Foods That Can Actually Help You Get Deep Sleep

Although we all need sleep to function properly, sometimes catching good quality sleep can be tricky. Whether we toss and turn during the night or have trouble falling asleep — it's hard to function on poor sleep. Operating on minimal sleep can negatively impact overall health and affect cognition, sex drive, hormones, mood, and more, states MindBodyGreen. However, according to Dr. Mark Hyman, sleep drive, sleep duration, and overall sleep hygiene can be deeply improved through food (via MindBodyGreen).

Sleep experts and nutritionists agree there are some foods that promote quality sleep. For instance, one 2016 review published in Advances in Nutrition found that eating kiwis before bed improves sleep time and overall quality of sleep. Another fruit with sleep benefits is tart cherry juice, according to a 2018 study published by the American Journal of Therapeutics. Research has found that tart cherries have high amounts of melatonin, which reduces inflammation and increases sleep efficiency and duration (via Sleep Foundation).

Believe it or not, focusing on foods that are rich in gut-friendly bacteria and balance your blood sugar will help promote rest, shares Hyman (via MindBodyGreen). Opt for eating quality whole foods with proper portions of carbs, proteins, and healthy fats. Research shows nuts, fatty fish, and rice are good options, too (via Sleep Foundation).

Foods to avoid to greatly improve sleep

Although certain foods prompt a peaceful night's rest, there are some foods you should skip altogether. Any foods containing high levels of caffeine, sugar, or alcohol (e.g., coffee, soda, ice cream, chocolate) should be avoided because they spike blood sugar levels and decrease rapid eye movement (REM) sleep (via Sleep Health Solutions). Other food items you may want to say goodbye to are spicy foods, fatty foods (such as burritos and burgers), pizza, and cheese, according to Eat This, Not That!. Some cheeses should be avoided because they contain tyramine, a neurotransmitter that can potentially increase alertness.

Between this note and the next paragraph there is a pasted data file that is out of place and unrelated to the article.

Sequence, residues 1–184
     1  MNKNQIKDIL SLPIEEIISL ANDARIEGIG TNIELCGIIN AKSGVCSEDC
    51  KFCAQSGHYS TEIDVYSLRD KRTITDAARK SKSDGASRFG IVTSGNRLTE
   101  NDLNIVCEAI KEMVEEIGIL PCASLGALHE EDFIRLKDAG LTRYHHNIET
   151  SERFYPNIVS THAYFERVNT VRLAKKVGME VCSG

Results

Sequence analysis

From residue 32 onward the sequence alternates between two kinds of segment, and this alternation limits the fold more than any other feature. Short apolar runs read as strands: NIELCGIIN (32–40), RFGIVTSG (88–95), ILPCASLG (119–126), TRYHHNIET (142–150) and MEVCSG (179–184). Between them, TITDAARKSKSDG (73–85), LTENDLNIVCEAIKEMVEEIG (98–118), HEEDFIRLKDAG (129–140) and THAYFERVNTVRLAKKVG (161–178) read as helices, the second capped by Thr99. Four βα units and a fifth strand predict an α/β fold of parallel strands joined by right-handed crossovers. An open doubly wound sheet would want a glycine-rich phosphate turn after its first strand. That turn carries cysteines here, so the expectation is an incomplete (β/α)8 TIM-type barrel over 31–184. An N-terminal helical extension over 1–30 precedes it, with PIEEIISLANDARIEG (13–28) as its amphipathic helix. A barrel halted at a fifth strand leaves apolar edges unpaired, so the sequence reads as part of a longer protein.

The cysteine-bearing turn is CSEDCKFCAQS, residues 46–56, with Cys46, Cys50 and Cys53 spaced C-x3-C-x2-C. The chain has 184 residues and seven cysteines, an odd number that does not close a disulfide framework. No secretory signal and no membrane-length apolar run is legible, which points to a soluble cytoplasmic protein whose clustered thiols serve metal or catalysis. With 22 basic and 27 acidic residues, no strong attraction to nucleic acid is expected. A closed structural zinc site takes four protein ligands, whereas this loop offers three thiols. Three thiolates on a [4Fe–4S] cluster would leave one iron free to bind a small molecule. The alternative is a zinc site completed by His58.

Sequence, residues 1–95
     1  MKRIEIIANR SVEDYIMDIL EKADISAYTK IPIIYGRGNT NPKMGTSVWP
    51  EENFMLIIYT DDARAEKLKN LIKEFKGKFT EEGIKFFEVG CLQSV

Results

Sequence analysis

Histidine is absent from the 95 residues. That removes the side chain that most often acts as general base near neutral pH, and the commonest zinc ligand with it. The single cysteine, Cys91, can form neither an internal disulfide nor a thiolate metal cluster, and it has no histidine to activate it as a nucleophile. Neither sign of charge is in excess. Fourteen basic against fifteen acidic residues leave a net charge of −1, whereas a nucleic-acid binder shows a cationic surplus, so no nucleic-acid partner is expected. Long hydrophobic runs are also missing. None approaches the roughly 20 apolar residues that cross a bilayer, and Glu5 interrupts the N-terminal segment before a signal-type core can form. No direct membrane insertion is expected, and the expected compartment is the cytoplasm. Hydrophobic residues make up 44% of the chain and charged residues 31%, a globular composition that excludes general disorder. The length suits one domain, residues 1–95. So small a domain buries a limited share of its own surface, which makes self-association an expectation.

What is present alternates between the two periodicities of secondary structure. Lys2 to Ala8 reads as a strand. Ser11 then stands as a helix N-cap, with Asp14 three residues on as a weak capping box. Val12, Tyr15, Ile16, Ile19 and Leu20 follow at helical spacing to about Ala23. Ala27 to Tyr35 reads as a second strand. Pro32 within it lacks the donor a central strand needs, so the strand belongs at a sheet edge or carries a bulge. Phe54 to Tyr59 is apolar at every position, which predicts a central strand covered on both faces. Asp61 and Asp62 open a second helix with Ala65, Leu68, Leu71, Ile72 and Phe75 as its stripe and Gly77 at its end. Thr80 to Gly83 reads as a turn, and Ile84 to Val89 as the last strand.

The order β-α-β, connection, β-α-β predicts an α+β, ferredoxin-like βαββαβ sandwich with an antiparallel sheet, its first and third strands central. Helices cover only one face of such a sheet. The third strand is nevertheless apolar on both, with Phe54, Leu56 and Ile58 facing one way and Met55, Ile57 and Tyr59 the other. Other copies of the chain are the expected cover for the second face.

Beyond foods, there are other habits that can support sleep. For instance, eating meals around the same time each day can also help your body promote sleepiness around the same time (via MindBodyGreen). Aim to eat your last meal of the day at least two hours before bed so your food can fully digest, then you'll want to start reducing light exposure, the latter of which includes phones, TVs, tablets, etc. Instead try reading a book, meditating before bed, enjoying a cup of chamomile tea, or connecting with a family member.